If that doesn’t work, you’re probably using a static IP address or one with a long lease time. This lease time is the amount of time an Internet Service Provider determines a particular IP address will be allocated to a user. Your IP lease time could be a couple of minutes, hours, days, or months. Your ISP can set a long IP lease time for you to make it look like you’re using or being allocated with a static IP address.
If your IP address has a long lease time, you need to unplug your modem or switch off your router and leave it overnight. Check your IP the next morning to see the one you’re currently using.
If you’re the technical type, try the following steps to release IP:
- Open your system command prompt
- Type in “ipconfig /release” on the command line without the quotes and press enter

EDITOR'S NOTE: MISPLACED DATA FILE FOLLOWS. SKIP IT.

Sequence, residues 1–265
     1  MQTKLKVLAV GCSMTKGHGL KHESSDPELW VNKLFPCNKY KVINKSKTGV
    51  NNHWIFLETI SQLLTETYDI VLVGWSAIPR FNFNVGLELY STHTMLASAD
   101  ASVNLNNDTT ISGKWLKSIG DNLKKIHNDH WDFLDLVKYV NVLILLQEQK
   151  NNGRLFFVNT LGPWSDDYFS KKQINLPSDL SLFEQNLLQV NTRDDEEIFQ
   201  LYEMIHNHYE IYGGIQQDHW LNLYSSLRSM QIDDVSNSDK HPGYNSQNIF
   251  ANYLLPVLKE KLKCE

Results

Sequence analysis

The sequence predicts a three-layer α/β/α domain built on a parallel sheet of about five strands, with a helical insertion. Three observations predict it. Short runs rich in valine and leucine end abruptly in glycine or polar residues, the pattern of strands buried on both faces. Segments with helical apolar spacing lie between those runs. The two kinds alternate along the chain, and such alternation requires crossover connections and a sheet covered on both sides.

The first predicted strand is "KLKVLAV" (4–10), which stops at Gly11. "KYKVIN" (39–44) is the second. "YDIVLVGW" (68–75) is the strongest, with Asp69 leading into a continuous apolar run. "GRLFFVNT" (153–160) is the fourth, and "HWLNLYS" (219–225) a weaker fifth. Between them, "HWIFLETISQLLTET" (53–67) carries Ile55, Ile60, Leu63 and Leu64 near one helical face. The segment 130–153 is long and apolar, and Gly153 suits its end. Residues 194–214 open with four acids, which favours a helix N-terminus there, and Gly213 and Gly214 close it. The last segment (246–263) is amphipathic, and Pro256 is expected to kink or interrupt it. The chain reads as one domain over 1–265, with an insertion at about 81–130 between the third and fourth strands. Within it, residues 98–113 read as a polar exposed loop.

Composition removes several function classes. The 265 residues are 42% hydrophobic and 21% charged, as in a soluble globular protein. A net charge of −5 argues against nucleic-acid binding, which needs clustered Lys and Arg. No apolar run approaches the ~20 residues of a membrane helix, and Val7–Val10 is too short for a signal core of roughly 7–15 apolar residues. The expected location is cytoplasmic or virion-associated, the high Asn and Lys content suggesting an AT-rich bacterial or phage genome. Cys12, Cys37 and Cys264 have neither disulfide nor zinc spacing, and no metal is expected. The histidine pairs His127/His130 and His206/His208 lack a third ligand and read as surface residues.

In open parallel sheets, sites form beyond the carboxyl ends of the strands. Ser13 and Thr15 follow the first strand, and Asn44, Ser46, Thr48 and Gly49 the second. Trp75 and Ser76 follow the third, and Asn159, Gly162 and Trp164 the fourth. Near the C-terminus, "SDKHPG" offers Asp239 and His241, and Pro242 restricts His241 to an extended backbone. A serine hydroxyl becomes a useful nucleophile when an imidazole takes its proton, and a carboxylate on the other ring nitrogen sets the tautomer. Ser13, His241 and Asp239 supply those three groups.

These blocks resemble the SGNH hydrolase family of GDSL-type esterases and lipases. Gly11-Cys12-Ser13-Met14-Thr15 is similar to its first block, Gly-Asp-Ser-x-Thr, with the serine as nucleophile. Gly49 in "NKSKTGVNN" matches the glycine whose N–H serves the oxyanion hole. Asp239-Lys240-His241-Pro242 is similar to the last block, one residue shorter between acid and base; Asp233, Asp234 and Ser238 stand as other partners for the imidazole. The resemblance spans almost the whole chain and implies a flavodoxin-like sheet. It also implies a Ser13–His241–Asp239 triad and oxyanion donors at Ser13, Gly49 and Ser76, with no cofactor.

- Shut down your PC
- Turn all Ethernet switches/hubs off
- Switch off DSL/cable modem
- Leave them overnight
- In the following day, switch everything back on
- Login in to the admin console of your router
- Release your IP address
- Switch off the router, DSL/cable modem, and the Ethernet switches/hubs
- Leave it overnight and check your IP on the next day
5. CONTACT YOUR ISP
If the above suggestions did not work, you have a static IP or an IP address with a very long lease time. Contact your Internet Service Provider (ISP) and ask them to change your IP for you or your IP lease time, i.e., how long you need to turn off your connection for your IP to change.